Friday, February 14, 2014

Undead and Unfinished

Half the time, I love time travel stories; half the time I hate them.* Going back into the past or forward into the future can be very revealing. You can learn more about a character's motives and personality.  We certainly learned a lot about Tina's loyalty and Sinclair's persistence with Betsy in Undead and Unfinished. When MaryJanice Davidson first wrote Undead and Unwed, she probably didn't think nine books later she would write a time travel story to explain more about Sinclair and Tina.  I wonder if nine books ago, Davidson knew where the Book of the Dead had come from or if time travel inspired her.  The glimpse into the future was very intriguing. One thousand years is a long time and clearly a lot can happen. I wonder if Davidson is planning on more time travel. I know that Book 10, Undead and Underminded is related to Betsy and Laura's time travelling escapade, but will there be more messing about the time line?

Here's where I'm a little more sketchy when it comes to time traveling in Undead and Unfinished.  It wasn't consistent.  This may get vaguely spoilery, so be warned...  Betsy and Laura go to several different times periods in which they are directly affecting Betsy's timeline (and Laura's indirectly, as she is Betsy's sister).  In three of these ventures into the past, Betsy needed to be there.  If she wasn't, things wouldn't have worked out the way they were supposed to, she was there, because she was always there; it was predetermined.  In one instance, however, Betsy goes back to a time when she merely regrets her actions.  She stops herself from doing something bad, which is great, but has surprising consequences when she returns to the present.  Her return home is part, "Thank goodness we can tell you the truth: we met you in the past." and "How did that happen?/This is different."  I don't mind that Betsy changed her past in itself, what I'm not a hundred percent happy with is that there was one trip different from the others.  I suppose that when she went into the future, it confirmed that events were not fixed and things could be changed... but I don't know.  I was happy with the result to the story, at least.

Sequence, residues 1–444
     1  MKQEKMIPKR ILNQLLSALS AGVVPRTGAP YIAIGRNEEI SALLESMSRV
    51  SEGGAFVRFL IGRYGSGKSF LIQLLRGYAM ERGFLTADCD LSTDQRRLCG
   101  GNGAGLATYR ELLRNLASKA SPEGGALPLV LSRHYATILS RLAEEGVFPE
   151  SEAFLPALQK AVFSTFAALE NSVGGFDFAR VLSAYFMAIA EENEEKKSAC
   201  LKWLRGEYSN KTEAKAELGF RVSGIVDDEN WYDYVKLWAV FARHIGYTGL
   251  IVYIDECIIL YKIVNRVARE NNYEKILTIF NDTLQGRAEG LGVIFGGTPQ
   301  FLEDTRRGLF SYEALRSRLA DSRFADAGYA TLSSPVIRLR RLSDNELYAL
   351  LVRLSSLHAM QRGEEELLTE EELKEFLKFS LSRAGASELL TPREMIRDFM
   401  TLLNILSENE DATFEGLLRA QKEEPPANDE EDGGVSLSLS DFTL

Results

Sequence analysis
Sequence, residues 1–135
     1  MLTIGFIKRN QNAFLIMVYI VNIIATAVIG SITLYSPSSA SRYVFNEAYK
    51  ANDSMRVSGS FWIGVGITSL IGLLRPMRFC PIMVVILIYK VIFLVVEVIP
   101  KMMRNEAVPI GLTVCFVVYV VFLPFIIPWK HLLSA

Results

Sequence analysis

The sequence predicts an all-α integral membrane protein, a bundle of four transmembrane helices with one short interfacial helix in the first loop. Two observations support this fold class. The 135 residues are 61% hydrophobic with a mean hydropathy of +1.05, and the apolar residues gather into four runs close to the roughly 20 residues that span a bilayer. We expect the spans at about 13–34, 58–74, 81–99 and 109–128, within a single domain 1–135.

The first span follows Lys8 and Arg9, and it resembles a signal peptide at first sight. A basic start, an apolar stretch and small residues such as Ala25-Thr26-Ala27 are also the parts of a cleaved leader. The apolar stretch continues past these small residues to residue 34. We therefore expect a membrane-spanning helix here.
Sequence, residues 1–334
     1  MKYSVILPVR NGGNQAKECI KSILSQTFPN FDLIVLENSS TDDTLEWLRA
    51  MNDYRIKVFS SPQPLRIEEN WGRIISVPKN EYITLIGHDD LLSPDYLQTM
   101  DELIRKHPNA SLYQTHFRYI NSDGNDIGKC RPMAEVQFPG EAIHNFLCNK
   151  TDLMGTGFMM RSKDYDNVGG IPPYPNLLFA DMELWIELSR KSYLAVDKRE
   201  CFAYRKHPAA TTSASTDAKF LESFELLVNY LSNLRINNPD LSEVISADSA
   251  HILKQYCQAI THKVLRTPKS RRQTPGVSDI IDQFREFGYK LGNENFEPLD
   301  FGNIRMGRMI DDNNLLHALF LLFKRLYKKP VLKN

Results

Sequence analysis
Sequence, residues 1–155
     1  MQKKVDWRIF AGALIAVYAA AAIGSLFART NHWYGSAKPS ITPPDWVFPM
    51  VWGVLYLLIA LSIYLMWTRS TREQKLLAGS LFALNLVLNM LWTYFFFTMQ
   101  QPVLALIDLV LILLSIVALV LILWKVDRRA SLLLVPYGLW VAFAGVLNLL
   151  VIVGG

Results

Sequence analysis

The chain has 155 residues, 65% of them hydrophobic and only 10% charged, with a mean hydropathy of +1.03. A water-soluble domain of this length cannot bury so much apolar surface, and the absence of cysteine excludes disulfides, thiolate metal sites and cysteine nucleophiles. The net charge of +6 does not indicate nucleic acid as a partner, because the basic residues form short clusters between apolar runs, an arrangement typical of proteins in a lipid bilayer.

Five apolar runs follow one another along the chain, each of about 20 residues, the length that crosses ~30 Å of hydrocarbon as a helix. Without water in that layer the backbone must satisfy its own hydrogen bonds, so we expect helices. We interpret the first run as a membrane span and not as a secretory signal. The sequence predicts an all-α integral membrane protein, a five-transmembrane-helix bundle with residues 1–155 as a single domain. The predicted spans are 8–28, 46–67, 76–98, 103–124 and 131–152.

The end of the book, the epilogue, is really what made the story for me. I really enjoyed the entire novel, but those last pages, bam! So good. Very unexpected. I don't think I can wait very long before I read Book 10. 

Hate: Due to time travel, the last season of Fringe is not remembered by any of the characters. So frustrating. 
Love: The Time Machine, by H.G. Wells, time travel used as a social commentary in the class system of Wells's era.

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